With 11 shopping days ‘til Christmas, Yahoo dropped a lump of coal into the stockings of 1 billion of its users with news that their accounts had been “breached.”
That’s tech-speak for “bad guys forged your cookies” — and they are not talking about the sweets you leave next to Santa’s glass of milk.
Worse, bad guys have Yahoo’s “proprietary code” — and they are not talking about Pitbull’s million-dollar “trade secret.” For purposes of this holiday migraine, cookies and codes are the cyber-pathways by which everybody who does anything on the internet can have their savings stolen, their credit ruined and their life destroyed.
There will be time after Christmas for recriminations, and for Verizon to pull out of its “what were we thinking?” plan to pay $4.8 billion to take Yahoo off the hands of its shareholders.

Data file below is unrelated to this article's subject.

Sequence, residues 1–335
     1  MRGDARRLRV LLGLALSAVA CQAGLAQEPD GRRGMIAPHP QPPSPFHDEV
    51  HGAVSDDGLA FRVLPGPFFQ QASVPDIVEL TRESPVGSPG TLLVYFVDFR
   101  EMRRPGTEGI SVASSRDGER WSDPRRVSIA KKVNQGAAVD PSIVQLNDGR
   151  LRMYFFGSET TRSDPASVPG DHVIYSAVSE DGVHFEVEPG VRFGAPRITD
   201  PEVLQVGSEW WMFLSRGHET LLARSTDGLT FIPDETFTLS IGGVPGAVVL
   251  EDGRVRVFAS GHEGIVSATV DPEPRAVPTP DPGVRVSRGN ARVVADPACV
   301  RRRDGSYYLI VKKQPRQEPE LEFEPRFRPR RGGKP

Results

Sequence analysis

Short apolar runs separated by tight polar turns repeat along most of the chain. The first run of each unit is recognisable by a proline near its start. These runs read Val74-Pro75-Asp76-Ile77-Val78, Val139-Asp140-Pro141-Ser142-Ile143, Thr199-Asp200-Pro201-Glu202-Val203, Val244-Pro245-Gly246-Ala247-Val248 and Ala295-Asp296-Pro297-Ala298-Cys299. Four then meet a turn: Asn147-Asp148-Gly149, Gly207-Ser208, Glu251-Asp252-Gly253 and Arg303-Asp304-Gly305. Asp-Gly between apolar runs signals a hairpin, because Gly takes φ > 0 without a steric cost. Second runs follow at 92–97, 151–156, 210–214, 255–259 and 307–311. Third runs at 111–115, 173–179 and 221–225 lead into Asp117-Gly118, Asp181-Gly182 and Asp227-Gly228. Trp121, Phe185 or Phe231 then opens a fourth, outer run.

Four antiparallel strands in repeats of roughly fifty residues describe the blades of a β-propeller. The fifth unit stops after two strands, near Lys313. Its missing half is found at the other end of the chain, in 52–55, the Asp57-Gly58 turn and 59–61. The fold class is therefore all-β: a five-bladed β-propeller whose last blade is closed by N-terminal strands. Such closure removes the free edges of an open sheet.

Right now, Yahoo’s shellshocked customers are playing pickup sticks with passwords and slogging through lists of What You Need to Do Right Now, Dammit.
Meanwhile, back in the 20th century, Florida elections supervisors are fretting over the privacy of voters’ home addresses, which any 8-year-old can find on the internet, and birth dates, which most voters seem to have already shared with Mark Zuckerberg, Mike Allen and Peter Schorsch, and are happy to have them pass it on to the world.
No matter how much time we spend changing our passwords and passing ludicrous exemptions to our public records law, privacy is an idea whose time has come — and long gone.